Waking up doesn't count if you don't get out of bed, break your fast, greet the other people in the house, and do your morning chores. This can happen at a leisurely pace - we take 1-2 hours to ease into our mornings, and include time for reading or watching a quick show, my son sometimes gets in a quick 1/2 marathon (not my cup of tea, but... oh yes!! Linger over that hot tea or coffee!) No bus to catch or traffic to factor in, so don't rush it!! Find your own favorite routines and tempo, but DO get ready for the day!!
I have always found it best when there is a set time (often just 10 minutes!) when EVERYONE pitches in - a speed drill of sorts. We assign rooms, or number of objects, or small tasks. There is a visible success at the end. Everyone is in it together. Coupling a habit like this to another part of your schedule (like a meal time, a walk, or a TV time slot) creates a structure that everyone can expect each day. When my kids were much younger, "downstairs clean up" happened every day before "Screen Time". I NEVER had to announce it - Screen time started at 2, and by 1:45, "Downstairs Clean up" had been heralded by one of them and they were all off to the races!
We want to stay extra cleanly right now, so wiping down door knobs, light switches, faucets, remotes, devices, and toilets might be good tasks - even the youngest can help with this! So, plan ahead for the extra "living", and enlist all hands on deck to help with the extra cleaning!
We have some "big rocks" in our day - mostly meal times - that tend to have a start time attached to them (our bodies seem to like to eat regularly!) and in between them we have general goals of what needs to get done, and we just flow from task to task until the next big rock.
Tasks might repeat daily or weekly. They might be flexible or clearly assigned. They might be for relaxation or personal enrichment or actual "school". But they will leave you feeling better than another week binge watching Netflix or Disney Plus (again, one weekend bingeing a show is a fun diversion... a month is depressing)!
5. SUBJECTS and TASKS - ideas for what you might want to add into the flow of your family's days to leave you feeling accomplished:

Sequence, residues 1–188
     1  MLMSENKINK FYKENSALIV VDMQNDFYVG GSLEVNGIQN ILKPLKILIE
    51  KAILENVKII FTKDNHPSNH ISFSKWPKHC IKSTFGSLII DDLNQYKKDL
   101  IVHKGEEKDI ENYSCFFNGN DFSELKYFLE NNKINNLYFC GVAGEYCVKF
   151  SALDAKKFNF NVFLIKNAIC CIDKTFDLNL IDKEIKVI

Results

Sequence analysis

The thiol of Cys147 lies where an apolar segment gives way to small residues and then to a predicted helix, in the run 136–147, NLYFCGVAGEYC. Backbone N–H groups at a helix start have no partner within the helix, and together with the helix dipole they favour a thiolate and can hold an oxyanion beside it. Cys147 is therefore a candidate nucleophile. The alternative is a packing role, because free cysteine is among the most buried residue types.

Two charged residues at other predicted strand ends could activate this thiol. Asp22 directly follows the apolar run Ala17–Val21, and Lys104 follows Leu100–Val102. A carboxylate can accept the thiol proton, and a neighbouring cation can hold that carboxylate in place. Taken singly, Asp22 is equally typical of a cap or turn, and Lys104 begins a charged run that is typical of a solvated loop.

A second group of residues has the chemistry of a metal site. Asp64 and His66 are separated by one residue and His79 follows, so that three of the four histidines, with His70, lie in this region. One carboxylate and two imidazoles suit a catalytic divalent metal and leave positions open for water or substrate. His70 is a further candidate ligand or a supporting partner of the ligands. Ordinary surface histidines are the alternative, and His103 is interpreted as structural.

*Most people focus best in the morning and focus wanes later in the day, so it is probably best to incorporate the most intellectual projects for the morning "sessions" with active, crafty, and downtime sessions in the afternoon.
*Goal Setting - Everyone take some space to dream about 1 month, 5 year, and 10 year goals. Brainstorm things to do this month that further each person's big picture. You might be surprised how the kids want to fill their own time!
*Reading - Lead by example here and choose some great books - fun, educational, a favorite from your childhood. It's easy to find books for the Kindle app and that works on iphones too! We also love Scribd.com for a selection of digital and audiobooks.
*Puzzles and Games - Sodoku, Kakuro, cards, chess, learn something new!
*Educational TV can be great downtime in the afternoons but get you thinking! (Documentaries, History TV, Classic movies or musicals, you can find almost any subject you love to learn more about!)
*Crafty - Bath Bombs, Painting, Origami, Learn Crochet, Sew Face masks for medical professionals you love, Bake, Make Friendship Bracelets, make a hilarious dog video, create a photobook on Shutterfly.
*Think of others - What could your family do for others? Bake for a neighbor? Call grandma? FaceTime someone who could use a smile? Post a funny video on Facebook?
*Declutter - hey, it's always a good time to go through a closet, the playroom, the kitchen and create some space!
I know I hope we will have some positive memories from this slower time together. I hope that someday we will say:
Remember during the Coronavirus when...
Embracing my love for organizing and the joy of encouraging others as we journey through the ups and downs together!